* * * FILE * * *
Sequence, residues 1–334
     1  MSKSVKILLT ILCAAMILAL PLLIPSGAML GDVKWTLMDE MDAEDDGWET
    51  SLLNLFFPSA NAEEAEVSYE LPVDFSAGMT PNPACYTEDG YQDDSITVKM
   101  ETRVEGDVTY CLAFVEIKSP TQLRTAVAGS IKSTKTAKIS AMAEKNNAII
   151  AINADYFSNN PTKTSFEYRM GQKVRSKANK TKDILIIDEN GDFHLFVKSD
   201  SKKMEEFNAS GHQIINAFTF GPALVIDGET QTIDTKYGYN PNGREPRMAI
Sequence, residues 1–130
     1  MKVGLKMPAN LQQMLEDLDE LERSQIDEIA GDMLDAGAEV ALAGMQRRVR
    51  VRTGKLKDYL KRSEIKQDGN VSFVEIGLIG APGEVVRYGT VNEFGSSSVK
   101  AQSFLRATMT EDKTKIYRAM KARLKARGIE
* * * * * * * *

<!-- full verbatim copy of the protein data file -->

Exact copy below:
Sequence, residues 1–334
     1  MSKSVKILLT ILCAAMILAL PLLIPSGAML GDVKWTLMDE MDAEDDGWET
    51  SLLNLFFPSA NAEEAEVSYE LPVDFSAGMT PNPACYTEDG YQDDSITVKM
   101  ETRVEGDVTY CLAFVEIKSP TQLRTAVAGS IKSTKTAKIS AMAEKNNAII
   151  AINADYFSNN PTKTSFEYRM GQKVRSKANK TKDILIIDEN GDFHLFVKSD
   201  SKKMEEFNAS GHQIINAFTF GPALVIDGET QTIDTKYGYN PNGREPRMAI
Sequence, residues 1–130
     1  MKVGLKMPAN LQQMLEDLDE LERSQIDEIA GDMLDAGAEV ALAGMQRRVR
    51  VRTGKLKDYL KRSEIKQDGN VSFVEIGLIG APGEVVRYGT VNEFGSSSVK
   101  AQSFLRATMT EDKTKIYRAM KARLKARGIE